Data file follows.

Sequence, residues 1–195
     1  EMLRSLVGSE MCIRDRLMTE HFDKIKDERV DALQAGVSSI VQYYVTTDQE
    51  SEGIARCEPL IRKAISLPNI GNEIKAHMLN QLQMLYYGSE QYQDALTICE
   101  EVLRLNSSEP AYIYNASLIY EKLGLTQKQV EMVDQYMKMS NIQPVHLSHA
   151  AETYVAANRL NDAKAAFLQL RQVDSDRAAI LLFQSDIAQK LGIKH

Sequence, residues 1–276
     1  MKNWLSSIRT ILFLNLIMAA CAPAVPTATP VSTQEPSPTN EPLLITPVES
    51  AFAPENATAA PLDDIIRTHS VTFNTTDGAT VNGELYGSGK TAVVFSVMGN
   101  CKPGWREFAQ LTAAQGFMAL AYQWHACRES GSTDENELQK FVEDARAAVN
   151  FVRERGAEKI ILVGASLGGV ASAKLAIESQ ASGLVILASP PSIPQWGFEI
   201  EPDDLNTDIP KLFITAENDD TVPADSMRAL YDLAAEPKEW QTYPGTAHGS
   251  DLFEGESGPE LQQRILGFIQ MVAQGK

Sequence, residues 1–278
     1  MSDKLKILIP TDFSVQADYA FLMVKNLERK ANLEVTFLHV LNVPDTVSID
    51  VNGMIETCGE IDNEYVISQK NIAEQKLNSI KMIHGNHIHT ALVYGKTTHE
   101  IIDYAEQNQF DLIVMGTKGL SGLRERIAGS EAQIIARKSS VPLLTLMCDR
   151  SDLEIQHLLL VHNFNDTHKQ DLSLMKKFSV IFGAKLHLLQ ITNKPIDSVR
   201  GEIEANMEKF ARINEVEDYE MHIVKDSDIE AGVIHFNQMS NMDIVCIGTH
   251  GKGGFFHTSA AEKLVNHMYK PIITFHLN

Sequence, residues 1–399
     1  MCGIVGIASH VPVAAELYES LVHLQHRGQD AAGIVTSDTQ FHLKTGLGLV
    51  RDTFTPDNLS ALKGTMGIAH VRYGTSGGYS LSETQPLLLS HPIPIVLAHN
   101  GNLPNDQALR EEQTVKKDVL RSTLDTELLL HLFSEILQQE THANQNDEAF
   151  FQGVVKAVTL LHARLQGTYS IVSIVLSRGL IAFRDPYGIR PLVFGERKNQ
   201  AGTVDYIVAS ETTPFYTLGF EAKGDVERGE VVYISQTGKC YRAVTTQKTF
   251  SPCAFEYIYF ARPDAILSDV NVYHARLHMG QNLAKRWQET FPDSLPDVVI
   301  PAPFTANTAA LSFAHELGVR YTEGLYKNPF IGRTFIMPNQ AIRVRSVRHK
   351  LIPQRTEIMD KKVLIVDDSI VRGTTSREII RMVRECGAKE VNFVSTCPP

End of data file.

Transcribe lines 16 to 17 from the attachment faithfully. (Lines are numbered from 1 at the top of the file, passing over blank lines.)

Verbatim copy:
   101  IIDYAEQNQF DLIVMGTKGL SGLRERIAGS EAQIIARKSS VPLLTLMCDR
   151  SDLEIQHLLL VHNFNDTHKQ DLSLMKKFSV IFGAKLHLLQ ITNKPIDSVR